How can we determine the quantile break points for a given variable? There are many ways to do that in various software and programming languages, including in JavaScript.

One example of an external software to calculate quantiles is QGIS. Once the layer of interest is loaded in QGIS, we need to set its symbology choosing the Quantile (Equal Count) for Mode, as shown on Figure 8.3. We also need to choose how many quantiles we want. For example, choosing 5 means that our values are divided into 5 equally sized groups, each containing 20% of the observations (i.e. 0%-20%-40%-60%-80%-100%). The breaks will be automatically calculated and displayed.

For the sake of simplicity we will hereby provide pre-calculated quantiles. The four breaks between 5 quantiles of the pop_2015 variable are given in the following array -

[399, 642, 933.2, 2089.8]

Once we figured out the break points, we can write a color-selection function such as the one hereby named getColor. The function accepts the (population size) value d and determines the appropriate color for that value. Since we have 5 different cases rather than just two, the function uses a hierarchical set of four conditionals, as follows -

function getColor(d) {
if(d > 2089.8) return "..."; else
if(d > 933.2) return "..."; else
if(d > 642) return "..."; else
if(d > 399) return "..."; else
return "...";
}

What’s missing in the body of the above function ("...") are the color definitions. As discussed in Section 2.7.1, there are several ways to specify colors with CSS. The same methods are supported in Leaflet, too. For example, we can use RBG or RGBA values, HEX codes, or color names.

How can we pick the right set of five colors for our color scale? It may be tempting to pick the colors manually, but this may lead to an inconsistent color gradient. It is therefore best to use automatic tools and resources rather than try to pick the colors ourselves. There are many resources on the web and in software packages available for the job. One of the best and most well-known ones is colorbrewer2.org. The colorbrewer2.org website provides a collection of carefully selected color scales specifically designed for cartography by Cynthia Brewer (Figure 8.4). Conveniently, you can choose the color palette, and how many colors to pick from it, then export the HEX codes of all colors in several formats, including a JavaScript array.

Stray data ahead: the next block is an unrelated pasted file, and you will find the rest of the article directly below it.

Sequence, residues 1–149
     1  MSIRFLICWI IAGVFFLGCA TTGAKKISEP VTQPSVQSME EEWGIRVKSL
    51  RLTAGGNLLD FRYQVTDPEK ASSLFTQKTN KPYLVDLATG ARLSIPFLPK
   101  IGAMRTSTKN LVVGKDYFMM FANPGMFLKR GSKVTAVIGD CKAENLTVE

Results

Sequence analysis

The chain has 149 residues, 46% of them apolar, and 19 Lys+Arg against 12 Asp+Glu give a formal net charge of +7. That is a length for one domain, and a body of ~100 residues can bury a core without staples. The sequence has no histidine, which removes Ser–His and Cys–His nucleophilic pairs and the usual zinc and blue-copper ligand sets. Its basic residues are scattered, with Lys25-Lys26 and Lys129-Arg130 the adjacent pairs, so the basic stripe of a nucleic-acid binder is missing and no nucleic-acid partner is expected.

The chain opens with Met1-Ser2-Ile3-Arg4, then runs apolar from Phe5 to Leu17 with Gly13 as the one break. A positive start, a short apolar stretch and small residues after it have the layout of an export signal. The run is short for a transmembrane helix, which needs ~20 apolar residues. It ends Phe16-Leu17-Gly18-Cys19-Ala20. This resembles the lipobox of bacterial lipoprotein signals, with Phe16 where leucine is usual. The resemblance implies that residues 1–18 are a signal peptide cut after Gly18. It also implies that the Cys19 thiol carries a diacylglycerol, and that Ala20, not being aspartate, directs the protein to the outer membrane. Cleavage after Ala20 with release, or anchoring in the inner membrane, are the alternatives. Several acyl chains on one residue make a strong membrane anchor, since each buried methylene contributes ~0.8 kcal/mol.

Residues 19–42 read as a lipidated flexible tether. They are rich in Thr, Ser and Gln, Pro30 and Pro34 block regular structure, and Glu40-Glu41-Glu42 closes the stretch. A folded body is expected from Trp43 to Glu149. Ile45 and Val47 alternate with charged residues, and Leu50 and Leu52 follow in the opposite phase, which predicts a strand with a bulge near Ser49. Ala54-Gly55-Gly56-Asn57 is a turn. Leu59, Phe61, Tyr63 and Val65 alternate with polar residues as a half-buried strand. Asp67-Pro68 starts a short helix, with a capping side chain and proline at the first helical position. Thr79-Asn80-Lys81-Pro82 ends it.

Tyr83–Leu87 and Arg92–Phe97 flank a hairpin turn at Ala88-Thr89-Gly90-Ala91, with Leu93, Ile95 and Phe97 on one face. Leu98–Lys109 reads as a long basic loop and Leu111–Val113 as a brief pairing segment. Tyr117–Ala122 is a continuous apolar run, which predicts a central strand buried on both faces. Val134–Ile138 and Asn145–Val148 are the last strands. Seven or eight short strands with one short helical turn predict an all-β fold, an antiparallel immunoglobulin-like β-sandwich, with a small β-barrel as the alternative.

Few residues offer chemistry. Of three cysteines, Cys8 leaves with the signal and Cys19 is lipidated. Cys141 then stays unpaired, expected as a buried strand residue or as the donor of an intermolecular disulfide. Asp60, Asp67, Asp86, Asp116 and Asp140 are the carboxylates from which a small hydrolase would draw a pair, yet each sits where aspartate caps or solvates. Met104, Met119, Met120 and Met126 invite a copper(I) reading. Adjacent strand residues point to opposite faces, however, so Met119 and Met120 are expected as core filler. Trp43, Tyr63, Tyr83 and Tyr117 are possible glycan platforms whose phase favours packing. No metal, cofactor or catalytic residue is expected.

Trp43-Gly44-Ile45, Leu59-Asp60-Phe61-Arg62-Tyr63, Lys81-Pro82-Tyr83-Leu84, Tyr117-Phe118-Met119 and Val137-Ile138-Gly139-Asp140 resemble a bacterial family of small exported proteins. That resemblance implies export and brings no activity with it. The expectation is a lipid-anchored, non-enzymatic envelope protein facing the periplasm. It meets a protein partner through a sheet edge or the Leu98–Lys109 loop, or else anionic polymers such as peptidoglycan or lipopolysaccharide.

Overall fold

Note that colorbrewer2.org provides three types of scales (Figure 8.4) -

• Sequential
• Diverging
• Qualitative.

For our population data we will use a sequantial scale, which is appropriate since the data are continuous and have a single direction (low-high). Diverging scales are appropriate for continuous variables that diverge in two directions around some kind of “middle” (low-mid-high). For example, rate of population growth can be mapped with a diverging scale, where positive and negative growth are shown with different increasingly dark colors (e.g. red and blue), while values around zero are shown in white. Qualitative scales are appropriate for categorical variables that have no inherent order, mapped to an easily distinguishable set of colors. For instance, land cover categories (e.g. built area, forests, water bodies, etc.) can be mapped to a qualitative scale. Note that it makes sense to choose intuitively interpretable colors whenever possible, e.g. built areas = grey, water bodies = blue, forest = green, etc.

To export color codes from colorbrewer2.org -

• Go to http://colorbrewer2.org
• Select the number of data classes
• Pick the nature of your data, i.e. scale type (sequential, diverging or qualitative)
• Select a color scheme
• Click export and copy the contents of the text box named JavaScript

For example, taking 5 classes from the fourh (from left) sequential color scheme, the colorbrewer2.org website gives us the following set of color codes -

["#fef0d9", "#fdcc8a", "#fc8d59", "#e34a33", "#b30000"]

This is an expression for creating a JavaScript array, which we can copy and paste directly into our JavaScript code.

By the way, colorbrewer2.org contains a JavaScript code file named colorbrewer.js, with the complete set of color palette definitions as JavaScript arrays. You can include the file in your website or map to use the ColorBrewer scales.

Now that we have the five color codes, let’s insert them into the getColor function definition -

function getColor(d) {
if(d > 2089.8) return "#b30000"; else
if(d > 933.2) return "#e34a33"; else
if(d > 642) return "#fc8d59"; else
if(d > 399) return "#fdcc8a"; else
return "#fef0d9";
}

One disadvantage of the above getColor function definition is that it uses a rigid set of if...else conditionals, which will be inconvenient to modify in case we decide to change the number of break points and colors. A more general version of the function could operate on an array of break points and an array of colors. Then, instead of if...else conditionals the function could use a for loop. The loop goes over the breaks array to detect between which pair of breaks our value is situated, and returns the appropriate color.